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The Simple Reason Trump Is Suddenly Defending TikTok

The president thinks backing the embattled short-form video app will help him and his rich friends.

Jaap Arriens/NurPhoto/Getty Images

Until last week, there was rare bipartisan agreement in Washington on the most pressing national security issue of our time: TikTok, the Chinese-owned video app that encourages young Americans to be woke and waste time watching sports highlights, car videos, and small business reviews. And then Donald Trump opened his mouth.

“If you get rid of TikTok, Facebook and Zuckerschmuck will double their business,” the former president posted Friday on Truth Social. “I don’t want Facebook, who cheated in the last Election, doing better.” He elaborated to CNBC’s Squawk Box on Monday that “there’s a lot of good” (“young kids … will go crazy without it,” he said) and “a lot of bad” (national security concerns) about the app, but a ban was the wrong idea for a simple reason: “Without TikTok, you can make Facebook bigger, and I consider Facebook to be an enemy of the people.”

The reversal caught many off guard, given Trump’s long commitment to banning TikTok because he reflexively opposes anything Chinese. But there’s a very obvious reason he changed his tune, and it has less to do with his hatred for Facebook than it does his unquenchable thirst for money and power—yet another reminder that Trump’s improvisational approach to governance is driven not solely by the clattering of his bird brain, but by corruption.

The push to ban TikTok began in 2020, when Trump signed an executive order that sought to remove it from app stores. After booting Trump from office, President Biden said he would sign a law doing exactly that, should it pass Congress. Last week, that looked more than plausible, as the Energy and Commerce Committee voted unanimously to advance a bill that would force TikTok’s Chinese owner, ByteDance, to divest within 165 days or face an app-store ban in the United States—thereby setting up a floor vote in the House this week.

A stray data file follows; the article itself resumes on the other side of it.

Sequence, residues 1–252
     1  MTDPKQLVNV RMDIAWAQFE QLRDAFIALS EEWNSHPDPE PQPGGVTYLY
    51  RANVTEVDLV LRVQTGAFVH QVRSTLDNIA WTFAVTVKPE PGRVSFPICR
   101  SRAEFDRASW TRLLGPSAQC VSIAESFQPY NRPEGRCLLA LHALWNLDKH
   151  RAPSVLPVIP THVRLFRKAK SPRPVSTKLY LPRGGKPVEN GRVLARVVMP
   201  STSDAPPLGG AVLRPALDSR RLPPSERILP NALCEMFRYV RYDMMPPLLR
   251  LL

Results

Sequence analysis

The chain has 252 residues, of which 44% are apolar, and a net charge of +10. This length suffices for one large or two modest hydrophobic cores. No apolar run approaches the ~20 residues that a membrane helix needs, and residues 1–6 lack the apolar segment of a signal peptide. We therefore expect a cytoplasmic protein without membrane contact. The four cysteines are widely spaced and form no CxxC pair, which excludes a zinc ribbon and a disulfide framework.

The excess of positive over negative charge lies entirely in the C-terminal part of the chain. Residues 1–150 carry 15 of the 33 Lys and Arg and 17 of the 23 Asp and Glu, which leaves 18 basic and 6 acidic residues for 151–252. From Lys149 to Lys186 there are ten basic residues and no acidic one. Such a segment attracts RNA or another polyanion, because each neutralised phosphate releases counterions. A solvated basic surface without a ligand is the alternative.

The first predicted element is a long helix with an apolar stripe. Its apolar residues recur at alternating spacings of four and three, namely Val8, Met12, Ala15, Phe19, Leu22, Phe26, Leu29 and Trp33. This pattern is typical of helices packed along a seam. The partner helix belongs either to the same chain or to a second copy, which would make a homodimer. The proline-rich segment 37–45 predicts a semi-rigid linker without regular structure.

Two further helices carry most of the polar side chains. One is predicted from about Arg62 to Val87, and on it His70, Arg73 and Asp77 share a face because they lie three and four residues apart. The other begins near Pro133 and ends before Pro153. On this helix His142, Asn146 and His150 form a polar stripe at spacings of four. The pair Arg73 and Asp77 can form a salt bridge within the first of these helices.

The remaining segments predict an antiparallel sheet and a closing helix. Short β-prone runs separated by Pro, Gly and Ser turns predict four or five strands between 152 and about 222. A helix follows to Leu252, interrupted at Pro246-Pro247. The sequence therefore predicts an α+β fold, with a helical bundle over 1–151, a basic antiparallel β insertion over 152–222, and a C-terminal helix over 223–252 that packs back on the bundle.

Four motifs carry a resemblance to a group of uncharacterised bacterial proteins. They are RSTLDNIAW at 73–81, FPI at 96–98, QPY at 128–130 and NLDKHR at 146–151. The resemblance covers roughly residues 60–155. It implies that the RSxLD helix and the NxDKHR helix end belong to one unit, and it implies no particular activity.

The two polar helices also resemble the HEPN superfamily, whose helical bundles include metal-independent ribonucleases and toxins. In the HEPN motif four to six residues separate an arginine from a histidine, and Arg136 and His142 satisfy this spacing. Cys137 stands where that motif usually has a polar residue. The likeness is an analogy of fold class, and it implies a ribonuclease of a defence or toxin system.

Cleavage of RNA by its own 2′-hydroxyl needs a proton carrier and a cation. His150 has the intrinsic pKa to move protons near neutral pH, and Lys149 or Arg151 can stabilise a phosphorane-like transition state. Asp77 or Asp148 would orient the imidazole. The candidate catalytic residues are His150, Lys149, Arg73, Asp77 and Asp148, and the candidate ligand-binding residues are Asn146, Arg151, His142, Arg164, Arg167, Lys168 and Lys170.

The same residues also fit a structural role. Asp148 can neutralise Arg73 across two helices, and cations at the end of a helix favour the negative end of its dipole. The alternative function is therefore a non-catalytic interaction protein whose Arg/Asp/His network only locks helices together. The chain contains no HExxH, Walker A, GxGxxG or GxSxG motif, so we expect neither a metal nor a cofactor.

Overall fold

And then Trump threw a wrench in those plans. It’s possible he’s thinking about the general election, as his standing has improved dramatically with young voters. He has also softened his stance on China, affirming its “One China” policy on Taiwan and insisting the country is only an “economic” rival of the U.S., not a military one. (He has said he would impose 60 percent tariffs on Chinese goods if reelected. And yet, Beijing seems to be rooting for him to return to the White House, if only because it believes, with good reason, a second Trump term would damage America’s global standing.)

Still, there’s little reason to believe that either politics or policy are behind Trump’s shift on TikTok. Instead, Trump was doing what he did again and again throughout his presidency: listening to a rich friend and then changing his policy advice based on their advice. In this case, the friend was Jeff Yass, a billionaire who has emerged as a powerful backer of Trump’s reelection effort. Yass, notably, also has a huge stake in TikTok—owning a reported 15 percent stake in the company, worth billions.

On March 1, Yass visited Mar-a-Lago, where Trump praised him as “brilliant” and credited him with saving the previously ruptured relationship with the Club for Growth, the powerful conservative advocacy group that had opposed many of the former president’s protectionist economic policies. Many—including former Trump chief strategist Steve Bannon—see Yass’s influence in Trump’s decision to oppose an outright ban on TikTok.

It’s unclear what Trump and Yass discussed, but as New York’s Jonathan Chait argued last week, it’s possible that the billionaire investor sold Trump on the idea that TikTok’s alleged wokeness was good for his reelection campaign. For much of the last several months, the app has come under fire for allegedly being too pro-Palestinian. This is a spurious complaint—as if the overwhelming support for a free Gaza on TikTok could only be a function of Chinese propaganda and algorithmic meddling—but it may have been useful in swaying Trump. If TikTok continues promoting this content, the theory goes, then it will damage Biden’s standing with young people.

To sway Trump, Yass may have taken advantage of the former president’s vendetta against Meta CEO Mark Zuckerberg. Trump despises Zuckerberg not for policy reasons but for demented personal ones, in this case because of his belief that the Facebook founder somehow intervened to cost him the 2020 presidential election. Trump is not interested in actual antitrust violations but sees politics and the law only as a means of punishing his foes, real and imagined. So he’s trying to block a TikTok ban because he believes, perhaps rightly, that a ban would indirectly benefit Zuckerberg.

That these arguments benefit both Trump and Yass personally is entirely the point. Yass gets to hold onto a valuable investment. Trump gets to benefit politically. Setting aside the questionable national security utility of banning TikTok, it’s a compelling portrait of how Trump actually governs. He listens to rich people and helps them get richer, as long as he gets something in return—at which point he is happy to discard whatever position he had previously held, no matter how contradictory it may seem. Trump ruled the U.S. this way for four years, and he’s reminding Americans that he’ll rule the same way for another four years.